E.g. Negroni, Old Fashioned, Martini.
What you already have – Stirrers
Perfect for stirring, cheap, and who doesn’t have at least one hiding in a drawer somewhere?!
Not as easy as the chopstick, but it will do. Seriously though… how can you not find a chopstick?!
Ideally long and cylindrical, but the shaft of any spoon, serving spoon or Sundae (long) spoon will do the trick. But still… how do you not have a chopstick, you monster?!
If you can find a narrow silicone one you can make this work in a pinch. Probably needs to be a decent sized mixing jug though. Also, have we mentioned that a chopstick works really well? Literally ANY chopstick will do!
Pro Equipment Guide – Bar Spoons
It’s arguably the most important piece of equipment in your tool kit and yet do you even need one? It’s a controversial question on the surface of it, however, when you really think about it…you do have choices.
The reality is, any professional bartender is going to have a bar spoon to hand at any moment, and that’s because they do so many different little jobs. Let’s break down those different jobs and see what the options are.
A very useful bit of kit for small measurements of ingredients. Old school spoons were pretty good at measuring 5 ml / ⅙ th oz. if filled carefully and held level. The spoons on trend these days are prettier and more elegant, but certainly don’t measure that much.
The reality here is that you can have a spoon to hand that is calibrated and designed specifically to give you an accurate measurement. However, when you’re adding such small amounts of ingredients, what really matters is knowing your spoon. As long as you know what measurement you get from it, you can still be very accurate.
So, either use a measured teaspoon, or buy a bar spoon you like the look &feel of and learn what measurement it gives you.
A key tool for stirring cocktails like Martinis and Manhattans, or simply mixing ingredients together that need a little agitation to get them to combine. The reality here is that you do need something long enough to get down into a glass, and be able to spin ice and booze around in a glass when stirring.
With all this in mind, your kitchen teaspoon is just not going to work.
Nonetheless , you do have the option of using a chopstick. It’s brilliant for stirring cocktails and combining ingredients together, although it can be a little too thin to effectively combine thicker ingredients.
Is a chopstick going to do everything you need and also satisfy your equipment desires? No. However, we highly recommend having a chopstick in your tool kit. It’s great for stirring as mentioned, but also really good for shaping twists when you want to curl and twist them into appealing shapes.
Looking to buy some PRO shakers?
Tear drop bar spoon
Muddling / Layering
Some bar spoons have a flat round end that can be used to crush ingredients.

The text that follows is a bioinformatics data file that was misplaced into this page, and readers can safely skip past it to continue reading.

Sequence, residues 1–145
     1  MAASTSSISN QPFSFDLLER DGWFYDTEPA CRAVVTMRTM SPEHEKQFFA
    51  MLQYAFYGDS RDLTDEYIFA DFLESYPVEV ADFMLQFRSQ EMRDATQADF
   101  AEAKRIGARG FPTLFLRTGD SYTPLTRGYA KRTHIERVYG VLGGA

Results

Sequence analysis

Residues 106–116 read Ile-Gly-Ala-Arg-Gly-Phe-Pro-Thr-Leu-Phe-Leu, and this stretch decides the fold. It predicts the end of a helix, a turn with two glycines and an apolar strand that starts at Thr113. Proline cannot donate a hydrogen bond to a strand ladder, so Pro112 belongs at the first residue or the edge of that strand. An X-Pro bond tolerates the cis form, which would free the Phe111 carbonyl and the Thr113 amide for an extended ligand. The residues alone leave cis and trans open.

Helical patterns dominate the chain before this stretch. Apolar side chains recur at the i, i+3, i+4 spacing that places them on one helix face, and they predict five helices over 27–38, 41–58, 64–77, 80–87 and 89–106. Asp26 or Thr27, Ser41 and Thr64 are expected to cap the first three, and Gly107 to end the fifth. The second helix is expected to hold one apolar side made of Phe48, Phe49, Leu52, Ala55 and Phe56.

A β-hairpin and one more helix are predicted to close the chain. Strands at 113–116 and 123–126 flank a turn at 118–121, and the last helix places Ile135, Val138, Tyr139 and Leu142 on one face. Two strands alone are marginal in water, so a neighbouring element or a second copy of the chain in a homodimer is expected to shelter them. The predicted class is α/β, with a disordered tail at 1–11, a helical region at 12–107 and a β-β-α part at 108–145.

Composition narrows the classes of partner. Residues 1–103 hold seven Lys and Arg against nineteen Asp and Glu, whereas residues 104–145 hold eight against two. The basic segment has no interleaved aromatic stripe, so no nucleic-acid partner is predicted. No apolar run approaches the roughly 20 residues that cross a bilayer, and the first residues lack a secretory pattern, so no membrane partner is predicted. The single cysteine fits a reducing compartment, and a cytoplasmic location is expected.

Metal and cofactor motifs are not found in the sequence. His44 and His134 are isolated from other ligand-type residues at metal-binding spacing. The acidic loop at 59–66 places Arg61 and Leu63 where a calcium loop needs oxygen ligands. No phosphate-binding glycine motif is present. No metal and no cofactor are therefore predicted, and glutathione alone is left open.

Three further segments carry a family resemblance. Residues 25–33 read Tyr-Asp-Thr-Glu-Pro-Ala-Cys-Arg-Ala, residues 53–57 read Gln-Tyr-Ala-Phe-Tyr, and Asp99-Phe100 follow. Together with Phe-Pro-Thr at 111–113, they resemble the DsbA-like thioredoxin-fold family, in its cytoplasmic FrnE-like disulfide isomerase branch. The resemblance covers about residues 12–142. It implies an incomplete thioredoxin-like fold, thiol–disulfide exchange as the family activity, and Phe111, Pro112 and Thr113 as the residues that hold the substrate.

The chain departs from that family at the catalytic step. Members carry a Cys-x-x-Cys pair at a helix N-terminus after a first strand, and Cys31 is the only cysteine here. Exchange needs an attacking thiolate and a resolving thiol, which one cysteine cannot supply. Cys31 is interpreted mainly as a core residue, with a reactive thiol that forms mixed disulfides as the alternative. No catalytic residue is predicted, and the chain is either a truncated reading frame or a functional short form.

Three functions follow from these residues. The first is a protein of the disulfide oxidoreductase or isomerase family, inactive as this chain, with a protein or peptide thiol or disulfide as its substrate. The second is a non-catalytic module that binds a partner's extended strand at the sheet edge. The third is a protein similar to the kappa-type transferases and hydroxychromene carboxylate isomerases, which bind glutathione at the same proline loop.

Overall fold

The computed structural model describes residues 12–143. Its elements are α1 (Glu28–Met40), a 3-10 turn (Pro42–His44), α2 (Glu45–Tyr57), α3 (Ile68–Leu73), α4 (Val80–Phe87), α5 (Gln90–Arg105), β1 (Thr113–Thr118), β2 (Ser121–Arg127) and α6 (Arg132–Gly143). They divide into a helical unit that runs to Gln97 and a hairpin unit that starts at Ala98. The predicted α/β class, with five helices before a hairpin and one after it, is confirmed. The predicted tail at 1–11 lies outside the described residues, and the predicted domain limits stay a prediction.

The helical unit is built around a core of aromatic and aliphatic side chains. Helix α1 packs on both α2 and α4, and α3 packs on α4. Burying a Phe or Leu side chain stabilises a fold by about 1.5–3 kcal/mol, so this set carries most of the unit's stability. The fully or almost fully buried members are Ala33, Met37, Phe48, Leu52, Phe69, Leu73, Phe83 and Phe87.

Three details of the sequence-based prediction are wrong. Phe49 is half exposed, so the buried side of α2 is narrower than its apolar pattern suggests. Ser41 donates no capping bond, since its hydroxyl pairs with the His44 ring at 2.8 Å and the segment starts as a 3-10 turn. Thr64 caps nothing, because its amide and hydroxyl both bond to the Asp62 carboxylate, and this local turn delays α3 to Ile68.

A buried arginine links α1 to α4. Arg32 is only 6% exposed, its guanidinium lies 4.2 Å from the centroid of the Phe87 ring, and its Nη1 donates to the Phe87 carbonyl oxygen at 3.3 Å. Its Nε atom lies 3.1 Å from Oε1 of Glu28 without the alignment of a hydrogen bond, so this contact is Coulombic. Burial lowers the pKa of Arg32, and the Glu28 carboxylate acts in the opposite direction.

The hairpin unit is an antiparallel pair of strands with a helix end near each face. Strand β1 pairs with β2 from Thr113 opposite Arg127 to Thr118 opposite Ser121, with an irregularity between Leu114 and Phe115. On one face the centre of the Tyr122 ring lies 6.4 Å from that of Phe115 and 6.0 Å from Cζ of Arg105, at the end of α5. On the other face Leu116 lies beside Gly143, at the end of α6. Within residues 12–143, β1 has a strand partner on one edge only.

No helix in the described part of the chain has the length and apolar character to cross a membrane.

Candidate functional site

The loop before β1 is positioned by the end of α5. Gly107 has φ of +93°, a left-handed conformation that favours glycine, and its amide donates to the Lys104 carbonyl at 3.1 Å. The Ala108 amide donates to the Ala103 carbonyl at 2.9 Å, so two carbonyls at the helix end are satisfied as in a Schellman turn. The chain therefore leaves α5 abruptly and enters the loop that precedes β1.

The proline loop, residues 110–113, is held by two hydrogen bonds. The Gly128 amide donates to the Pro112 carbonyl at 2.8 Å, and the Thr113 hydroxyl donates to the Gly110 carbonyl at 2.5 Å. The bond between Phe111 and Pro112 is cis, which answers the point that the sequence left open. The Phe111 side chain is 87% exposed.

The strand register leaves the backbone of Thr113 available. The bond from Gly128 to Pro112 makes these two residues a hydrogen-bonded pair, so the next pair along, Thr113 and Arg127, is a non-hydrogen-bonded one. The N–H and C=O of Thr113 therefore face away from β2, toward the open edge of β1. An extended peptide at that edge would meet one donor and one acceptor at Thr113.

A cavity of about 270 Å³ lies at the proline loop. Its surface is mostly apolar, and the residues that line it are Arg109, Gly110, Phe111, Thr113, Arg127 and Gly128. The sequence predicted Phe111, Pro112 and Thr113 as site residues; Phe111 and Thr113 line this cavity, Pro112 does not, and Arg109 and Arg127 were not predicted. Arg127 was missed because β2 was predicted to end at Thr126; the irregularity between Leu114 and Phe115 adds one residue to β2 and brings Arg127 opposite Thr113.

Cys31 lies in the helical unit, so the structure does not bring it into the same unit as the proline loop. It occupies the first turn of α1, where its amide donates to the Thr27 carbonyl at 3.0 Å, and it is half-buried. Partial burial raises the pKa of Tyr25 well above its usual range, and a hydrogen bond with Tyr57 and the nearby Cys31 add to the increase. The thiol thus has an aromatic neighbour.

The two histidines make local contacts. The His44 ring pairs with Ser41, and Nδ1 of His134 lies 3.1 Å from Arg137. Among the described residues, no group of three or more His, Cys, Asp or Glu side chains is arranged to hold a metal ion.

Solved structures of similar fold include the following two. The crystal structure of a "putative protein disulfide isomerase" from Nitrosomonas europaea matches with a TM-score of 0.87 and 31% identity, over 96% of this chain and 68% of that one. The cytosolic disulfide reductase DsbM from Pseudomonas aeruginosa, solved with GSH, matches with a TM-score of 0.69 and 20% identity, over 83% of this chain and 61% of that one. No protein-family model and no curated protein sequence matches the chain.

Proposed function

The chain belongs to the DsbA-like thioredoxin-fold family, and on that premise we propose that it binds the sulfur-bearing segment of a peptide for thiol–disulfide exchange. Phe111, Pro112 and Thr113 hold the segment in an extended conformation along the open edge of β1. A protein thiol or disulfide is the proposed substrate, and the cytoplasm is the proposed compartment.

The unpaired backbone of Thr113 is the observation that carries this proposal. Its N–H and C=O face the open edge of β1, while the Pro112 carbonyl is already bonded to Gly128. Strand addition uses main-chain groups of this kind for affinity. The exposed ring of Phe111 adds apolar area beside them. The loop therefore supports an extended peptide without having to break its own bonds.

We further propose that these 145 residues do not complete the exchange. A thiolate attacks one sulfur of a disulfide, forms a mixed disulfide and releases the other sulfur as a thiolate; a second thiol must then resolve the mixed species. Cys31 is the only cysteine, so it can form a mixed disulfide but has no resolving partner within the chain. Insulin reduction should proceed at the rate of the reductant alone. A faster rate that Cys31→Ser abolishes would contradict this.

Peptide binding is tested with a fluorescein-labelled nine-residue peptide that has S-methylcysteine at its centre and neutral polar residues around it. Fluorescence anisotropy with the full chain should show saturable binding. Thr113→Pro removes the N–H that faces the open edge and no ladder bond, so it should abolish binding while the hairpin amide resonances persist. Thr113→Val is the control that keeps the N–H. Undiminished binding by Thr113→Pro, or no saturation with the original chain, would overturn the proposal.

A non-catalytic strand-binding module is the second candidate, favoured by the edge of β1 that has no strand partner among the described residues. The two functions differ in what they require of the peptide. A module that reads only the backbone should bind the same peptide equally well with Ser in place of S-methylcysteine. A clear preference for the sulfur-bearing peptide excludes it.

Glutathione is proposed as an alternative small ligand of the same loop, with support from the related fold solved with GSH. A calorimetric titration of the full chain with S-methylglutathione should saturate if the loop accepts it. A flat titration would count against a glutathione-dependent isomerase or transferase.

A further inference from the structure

It’s good for soft fruits like raspberries, or fresh herbs. However, it’s utterly useless up against anything more robust than a medium strawberry. So, handy as it can be, you need to have a proper tool for muddling in your toolkit making the bar spoon with a muddler end a little unnecessary.
There is a different trick that this end of the spoon does better than muddling, and that’s layering. Not exactly a common technique, but when you want to layer something on top, the round muddler end of a bar spoon is even better than the back of a spoon. The spiralled shaft of the spoon gives liquids something to grab on to as you trickle them down the length of the spoon. The liquid then hits the flat end of the spoon and dissipates outwards in all directions off the spoon – perfect conditions for getting one ingredient to sit on top of another.
Like a chef always has a teaspoon on hand to taste everything before leaving the kitchen, the same attitude should be applied to mixed drinks. You need to ensure everything you are making tastes amazing and is well balanced before serving it.
You can do this by using a teaspoon, or by using a straw as a pipette.
Either way, you want to make sure it’s clean and hygienic. As you can probably tell yet again, this doesn’t mean that there is anything special about a bar spoon for this process.
Therefore, it’s obviously not essential to use a bar spoon for tasting, but it is yet another important role that can be completed by this most versatile of tools.
WHAT WE SAY
Get a bar spoon, you’ll use it all the time, and you’ll use it in conjunction with all the other bits of equipment we just talked about.
There’s no shortcut for time and practice to see what suits you best and what feels most comfortable in your hand. The different shapes and sizes all have pros and cons so it really comes down to you.
Try making these cocktails
Fords Gin Batched Dry Martini
Fords Gin Batched Gimlet
Fords Gin Batched Red Snapper
Fords Gin Batched Bee’s Knees
Fords Gin Batched Negroni
Sonoran Dry Martini
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